In a U-turn, Trump says meeting's purpose was Clinton info
US President Donald Trump on Sunday appeared to change his story about a 2016 meeting at Trump Tower that is pivotal to the special counsel's investigation, tweeting that his son met with a Kremlin-connected lawyer to collect information about his political opponent.
"Fake News reporting, a complete fabrication, that I am concerned about the meeting my wonderful son, Donald, had in Trump Tower," Trump wrote.
"This was a meeting to get information on an opponent, totally legal and done all the time in politics - and it went nowhere. I did not know about it!"
That is a far different explanation than Trump gave 13 months ago, when a statement dictated by the president but released under the name of Donald Trump jnr, read: "We primarily discussed a program about the adoption of Russian children that was active and popular with American families years ago."
The misdirection came amid a series of searing tweets sent from his New Jersey golf club, in which he tore into two of his favourite targets, the news media and Robert Mueller's ongoing investigation into possible links between the president's campaign and Russia.
Trump unleashed particular fury at reports that he was anxious about the Trump Tower meeting attended by Donald Trump jnr and other senior campaign officials.
Trump's critics immediately pounced on the new story, the latest of several versions of events about a meeting for which emails were discovered between the president's eldest son and an intermediary from the Russian government offering damaging information about Trump's opponent, Hillary Clinton.
Betraying no surprise or misgivings about the offer from a hostile foreign power, Trump jnr replied: "If it's what you say I love it especially later in the summer."
Sunday's tweet was Trump's clearest statement yet on the purpose of the meeting, which has become a focal point of Mueller's investigation even as the president and his lawyers try to downplay its significance and pummel the Mueller probe with attacks.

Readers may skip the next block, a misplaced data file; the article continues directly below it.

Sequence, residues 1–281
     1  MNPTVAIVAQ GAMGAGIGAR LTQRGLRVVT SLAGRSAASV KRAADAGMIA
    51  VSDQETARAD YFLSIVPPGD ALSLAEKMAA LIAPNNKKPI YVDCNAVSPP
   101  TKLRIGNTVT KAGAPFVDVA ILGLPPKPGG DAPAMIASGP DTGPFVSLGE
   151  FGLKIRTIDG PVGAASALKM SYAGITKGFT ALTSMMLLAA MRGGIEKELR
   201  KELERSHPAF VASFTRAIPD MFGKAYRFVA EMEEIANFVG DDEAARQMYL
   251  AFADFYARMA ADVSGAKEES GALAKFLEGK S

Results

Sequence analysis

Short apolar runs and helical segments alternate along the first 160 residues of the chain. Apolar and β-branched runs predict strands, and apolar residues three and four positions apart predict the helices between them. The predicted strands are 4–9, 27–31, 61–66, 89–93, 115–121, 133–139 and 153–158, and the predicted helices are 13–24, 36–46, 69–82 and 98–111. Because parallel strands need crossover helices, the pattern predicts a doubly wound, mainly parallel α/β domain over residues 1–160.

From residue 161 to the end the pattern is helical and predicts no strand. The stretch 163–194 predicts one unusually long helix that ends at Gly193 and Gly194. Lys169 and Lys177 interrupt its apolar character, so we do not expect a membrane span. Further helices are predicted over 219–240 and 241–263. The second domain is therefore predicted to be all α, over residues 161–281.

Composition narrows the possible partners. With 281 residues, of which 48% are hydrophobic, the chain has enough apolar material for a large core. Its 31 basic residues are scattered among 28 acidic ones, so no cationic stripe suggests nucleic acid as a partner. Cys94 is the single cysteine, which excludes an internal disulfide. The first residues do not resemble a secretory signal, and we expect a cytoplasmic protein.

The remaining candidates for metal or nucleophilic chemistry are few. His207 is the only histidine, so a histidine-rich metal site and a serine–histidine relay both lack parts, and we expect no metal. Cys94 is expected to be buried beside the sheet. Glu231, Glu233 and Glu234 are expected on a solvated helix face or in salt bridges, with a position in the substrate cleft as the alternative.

On Sunday, Trump again suggested without evidence that Mueller was biased against him, declaring: "This is the most one sided Witch Hunt in the history of our country."
And as Trump and his allies have tried to discredit the probe, a new talking point has emerged: That even if that meeting was held to collect damaging information, none was provided and "collusion" - Trump's go-to description of what Mueller is investigating - never occurred.
"The question is what law, statute or rule or regulation has been violated, and nobody has pointed to one," said Jay Sekulow, one of Trump's attorneys, on ABC's This Week.
But legal experts have pointed out several possible criminal charges, including conspiracy against the US and aiding and abetting a conspiracy.
And despite Trump's public Twitter denial, the president has expressed worry that his son may face legal exposure even as he believes he did nothing wrong, according to three people close to the White House familiar with the president's thinking but not authorised to speak publicly about private conversations.
Public explanation changed
Sekulow acknowledged that the public explanation for the meeting has changed but insisted that the White House has been very clear with the special counsel's office. He said he was not aware of Trump jnr facing any legal exposure.
"I don't represent Don jnr, but I will tell you I have no knowledge at all of Don jnr being told that he's a target of any investigation, and I have no knowledge of him being interviewed by the special counsel," Sekulow said.
Democrats hammered away at the president's admission.
"The Russians offered damaging info on your opponent. Your campaign accepted. And the Russians delivered," tweeted Representative Adam Schiff of California, top Democrat on the House Intelligence Committee.
"You then misled the country about the purpose of the Trump Tower meeting when it became public. Now you say you didn't know in advance. None of this is normal or credible."
Trump's days of private anger spilled out into public with the Twitter outburst, which comes at a perilous time for the president.
A decision about whether he sits for an interview with Mueller may also occur in the coming weeks, according to another one of his attorneys, Rudy Giuliani.
Trump has seethed against what he feels are trumped-up charges against his former campaign chair, Paul Manafort, whose trial began last week and provided a visible reminder of Mueller's work.
And he raged against the media's obsession with his links to Russia and the status of Michael Cohen, his former fixer, who is under federal investigation in New York.
Cohen has indicated that he would tell prosecutors that Trump knew about the Trump Tower meeting ahead of time.
Despite a show of force from his national security team this week as a warning against future Russian election meddling, Trump again deemed the matter a "hoax" this week.
And at a trio of rallies, he escalated his already vitriolic rhetoric toward the media, savaging the press for unflattering coverage and, he feels, bias.
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